This is an excellent example of how well-crafted political propaganda works. The act of introducing the bill implies the EPA are not already basing policy on publicly available data, opposing the bill implies you want to hide something from the public. Even if the bill fails to pass, it has already succeeded as a propaganda piece.

Make no mistake, this is a far-right attempt to put Science on a short leash.

Comment: Senator Snowball Inhofe.. (Score 1, Insightful) 353 as usual relying on the ignorance of the public. For example one of the long time complaints about the "hockey stick" from the deniers in the US senate was that a small portion of the raw data could not be published due to (default) copyright terms imposed by the french and a couple of other geographically small nations. The data was available but you had to go to the French government and wait six months to get it. There are lots of other cases where data is collected from industry and individuals where those supplying the data do not want the raw data published for legal, commercial, or personal reasons. The basic rule of research is you take what data you can get and publish what you are allowed to by those who supply it.

A more useful law would be to force anti-science "charities" such as the heartland institute to reveal their accounts to the public, if the IPCC and EPA can do it why can't a tax exempt no-think tank do the same?

Comment: Re:EPA has exceeded safe limits, needs curbing (Score 3, Insightful) 353

Pollutant = A resource in the wrong place, as in "do not pollute my scotch with water". The evidence of harm caused by 1/2 trillion tons of CO2 in the wrong place may not be clear to you, but it is to almost everyone who has actually looked at it with a scientific eye. AFAICT the senate republicans think an appropriate mission for the EPA is to STFU and mow the whitehouse lawn.

Comment: Re:The correct decision (Score 1) 355

by Copid (#49573383) Attached to: University Overrules Professor Who Failed Entire Management Class
I'd agree with this, but for better or worse, going to a university provides not just an education but a credential. What other people do may not really affect my education as long as they're not being disruptive, but if my university graduates a bunch of people who clearly didn't learn anything, it erodes the value of the credential. Having an engineering degree from a school that has a reputation for graduating engineers who can't do basic algebra is barely better than having no degree at all when it comes to getting your resume noticed. Allowing a university with a decent reputation to turn into a diploma mill does a major disservice to all of your alumni.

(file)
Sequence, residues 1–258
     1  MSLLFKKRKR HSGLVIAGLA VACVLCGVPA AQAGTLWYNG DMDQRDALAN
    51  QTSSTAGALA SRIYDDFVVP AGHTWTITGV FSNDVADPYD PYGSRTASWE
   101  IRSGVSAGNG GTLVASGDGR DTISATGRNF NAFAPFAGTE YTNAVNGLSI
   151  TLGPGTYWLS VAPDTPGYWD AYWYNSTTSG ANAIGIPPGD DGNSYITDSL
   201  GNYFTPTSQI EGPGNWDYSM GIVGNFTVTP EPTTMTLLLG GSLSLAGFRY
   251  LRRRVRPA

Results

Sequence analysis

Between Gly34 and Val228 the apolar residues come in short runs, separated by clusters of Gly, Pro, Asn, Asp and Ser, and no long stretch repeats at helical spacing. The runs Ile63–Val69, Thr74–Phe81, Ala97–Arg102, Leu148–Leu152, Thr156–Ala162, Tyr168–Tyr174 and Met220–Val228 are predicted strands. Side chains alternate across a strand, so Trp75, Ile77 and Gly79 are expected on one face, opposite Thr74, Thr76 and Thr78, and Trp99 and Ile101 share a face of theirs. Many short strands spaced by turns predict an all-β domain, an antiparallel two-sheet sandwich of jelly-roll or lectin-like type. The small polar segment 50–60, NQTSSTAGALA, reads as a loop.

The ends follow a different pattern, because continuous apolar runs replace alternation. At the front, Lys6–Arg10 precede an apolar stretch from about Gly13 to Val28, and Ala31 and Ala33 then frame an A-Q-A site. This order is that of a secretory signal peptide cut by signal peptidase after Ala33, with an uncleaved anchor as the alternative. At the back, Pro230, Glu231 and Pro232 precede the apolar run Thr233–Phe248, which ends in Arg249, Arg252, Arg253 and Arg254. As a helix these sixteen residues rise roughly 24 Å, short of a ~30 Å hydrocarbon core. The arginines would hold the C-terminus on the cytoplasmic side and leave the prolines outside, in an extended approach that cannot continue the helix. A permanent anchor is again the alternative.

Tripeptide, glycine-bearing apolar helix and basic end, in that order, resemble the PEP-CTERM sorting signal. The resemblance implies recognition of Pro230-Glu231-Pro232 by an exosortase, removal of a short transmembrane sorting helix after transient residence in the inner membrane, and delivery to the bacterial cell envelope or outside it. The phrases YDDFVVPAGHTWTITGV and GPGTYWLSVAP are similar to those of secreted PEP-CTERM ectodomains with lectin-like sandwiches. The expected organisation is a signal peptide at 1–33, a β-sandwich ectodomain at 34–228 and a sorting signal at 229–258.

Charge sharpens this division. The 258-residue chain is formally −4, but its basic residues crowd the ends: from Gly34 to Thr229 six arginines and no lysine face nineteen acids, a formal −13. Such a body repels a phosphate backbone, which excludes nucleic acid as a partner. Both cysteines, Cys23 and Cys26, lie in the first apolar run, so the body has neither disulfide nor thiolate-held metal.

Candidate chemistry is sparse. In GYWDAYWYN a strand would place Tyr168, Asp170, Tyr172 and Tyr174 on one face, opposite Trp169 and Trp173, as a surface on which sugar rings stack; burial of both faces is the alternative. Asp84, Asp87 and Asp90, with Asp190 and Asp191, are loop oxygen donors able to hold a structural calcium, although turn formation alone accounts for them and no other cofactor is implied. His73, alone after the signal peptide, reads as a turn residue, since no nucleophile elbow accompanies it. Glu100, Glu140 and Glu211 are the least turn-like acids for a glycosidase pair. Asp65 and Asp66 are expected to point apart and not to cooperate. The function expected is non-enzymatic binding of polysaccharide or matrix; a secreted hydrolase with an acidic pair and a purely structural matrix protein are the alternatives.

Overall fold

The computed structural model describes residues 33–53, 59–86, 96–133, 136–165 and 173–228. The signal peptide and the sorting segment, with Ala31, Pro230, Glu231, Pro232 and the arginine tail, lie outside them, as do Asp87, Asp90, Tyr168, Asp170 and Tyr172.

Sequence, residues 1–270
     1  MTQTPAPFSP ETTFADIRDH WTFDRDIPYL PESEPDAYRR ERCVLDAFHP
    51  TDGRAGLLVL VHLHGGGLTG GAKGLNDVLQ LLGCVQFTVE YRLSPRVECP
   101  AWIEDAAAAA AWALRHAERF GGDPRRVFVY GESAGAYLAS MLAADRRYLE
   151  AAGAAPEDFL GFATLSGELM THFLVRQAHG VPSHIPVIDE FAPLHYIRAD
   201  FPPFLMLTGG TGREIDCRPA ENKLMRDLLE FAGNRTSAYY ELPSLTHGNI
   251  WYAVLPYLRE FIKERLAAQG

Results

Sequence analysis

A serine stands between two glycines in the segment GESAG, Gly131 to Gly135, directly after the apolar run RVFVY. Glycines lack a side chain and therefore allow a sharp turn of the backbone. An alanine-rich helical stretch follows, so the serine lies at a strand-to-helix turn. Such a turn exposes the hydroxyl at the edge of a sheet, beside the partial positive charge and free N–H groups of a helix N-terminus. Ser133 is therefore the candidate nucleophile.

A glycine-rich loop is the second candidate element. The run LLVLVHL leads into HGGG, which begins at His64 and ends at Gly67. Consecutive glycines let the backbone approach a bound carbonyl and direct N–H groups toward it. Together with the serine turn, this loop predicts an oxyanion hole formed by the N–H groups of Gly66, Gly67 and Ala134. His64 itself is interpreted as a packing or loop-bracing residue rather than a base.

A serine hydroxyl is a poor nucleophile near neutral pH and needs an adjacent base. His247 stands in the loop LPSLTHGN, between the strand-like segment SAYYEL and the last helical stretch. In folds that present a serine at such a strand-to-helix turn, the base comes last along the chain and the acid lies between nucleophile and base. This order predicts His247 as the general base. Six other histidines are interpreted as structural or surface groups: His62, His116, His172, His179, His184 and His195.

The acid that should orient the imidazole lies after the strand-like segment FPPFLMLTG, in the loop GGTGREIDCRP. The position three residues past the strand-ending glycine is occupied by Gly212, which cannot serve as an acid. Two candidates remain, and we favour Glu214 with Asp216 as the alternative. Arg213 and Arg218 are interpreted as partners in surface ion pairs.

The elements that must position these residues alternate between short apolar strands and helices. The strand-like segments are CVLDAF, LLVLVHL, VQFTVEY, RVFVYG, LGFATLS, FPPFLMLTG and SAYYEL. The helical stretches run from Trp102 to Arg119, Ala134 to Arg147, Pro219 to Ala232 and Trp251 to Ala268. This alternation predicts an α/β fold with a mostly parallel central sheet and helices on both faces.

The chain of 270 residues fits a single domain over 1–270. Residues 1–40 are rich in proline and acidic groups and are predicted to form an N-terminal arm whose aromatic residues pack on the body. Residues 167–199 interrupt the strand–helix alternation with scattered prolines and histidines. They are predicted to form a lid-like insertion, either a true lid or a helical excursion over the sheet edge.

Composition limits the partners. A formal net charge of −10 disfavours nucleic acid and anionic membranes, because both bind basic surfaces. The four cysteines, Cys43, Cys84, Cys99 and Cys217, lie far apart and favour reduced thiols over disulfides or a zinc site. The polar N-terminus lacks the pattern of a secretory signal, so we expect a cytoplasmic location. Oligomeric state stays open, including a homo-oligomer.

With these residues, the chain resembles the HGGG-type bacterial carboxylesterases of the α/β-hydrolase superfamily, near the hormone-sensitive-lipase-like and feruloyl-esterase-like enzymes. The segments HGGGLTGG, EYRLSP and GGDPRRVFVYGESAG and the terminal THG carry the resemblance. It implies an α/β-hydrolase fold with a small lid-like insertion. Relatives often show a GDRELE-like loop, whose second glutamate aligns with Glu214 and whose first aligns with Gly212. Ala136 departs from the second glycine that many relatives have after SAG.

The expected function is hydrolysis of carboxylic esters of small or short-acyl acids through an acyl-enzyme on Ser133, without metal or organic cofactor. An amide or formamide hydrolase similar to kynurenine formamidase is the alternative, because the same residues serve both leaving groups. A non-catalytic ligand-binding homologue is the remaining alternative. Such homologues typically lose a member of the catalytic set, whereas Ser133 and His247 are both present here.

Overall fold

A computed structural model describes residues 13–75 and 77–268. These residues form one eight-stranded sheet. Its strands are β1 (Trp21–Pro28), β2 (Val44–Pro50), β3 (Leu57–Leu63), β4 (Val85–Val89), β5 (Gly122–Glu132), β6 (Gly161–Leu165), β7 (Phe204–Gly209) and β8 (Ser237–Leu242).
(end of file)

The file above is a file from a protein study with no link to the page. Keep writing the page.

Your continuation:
Comment: Re:The correct decision (Score 4, Insightful) 355

by Copid (#49570671) Attached to: University Overrules Professor Who Failed Entire Management Class
It's really too bad he didn't hang in there until the end and give legitimate supportable F grades to most of the class while showing good faith by giving appropriate grades to decent students. Getting an F that sticks stings a lot more than making news while your professor melts down and having your grade adjusted by the university.

I'd love to see a world where professors hand out failing grades more liberally. I got really sick of seeing cheaters and whiners get their way when I was in college.

Comment: Re:You're not willing to pay (Score 1) 285

I'm wondering what percentage of the price of a basket of strawberries is the labor to pick them. Assume that a good picker can pick, say, an average of 30 strawberries a minute if you include the time it takes to empty baskets and walk around to different rows of plants. What does that work out to in human touch time per basket? I'm thinking the cost of that basket is land, shipping, fertilizer, varous capital, and various labor. It seems like far too much is made of the harvesting effort just because it's the most visible and probably the most physically taxing.

Comment: Re:Google's projects aren't afterthoughts (mostly) (Score 1) 359

by Copid (#49564533) Attached to: Google Insiders Talk About Why Google+ Failed
How does it fit with Facebook's business model? Not sure. But if I were facebook, I'd be very concerned about my business model going away if there's an unpredictable shift in peoples' preferences WRT social networking. It seems like a lot of eggs to have in that one basket even though network effects are on their side right now. If I was sitting on a ridiculous amount of money with that one narrow business model, I'd be diversifying left and right. Maybe not at the $2B for Oculus pricepoint, but I'd be doing something like it.

In order to dial out, it is necessary to broaden one's dimension.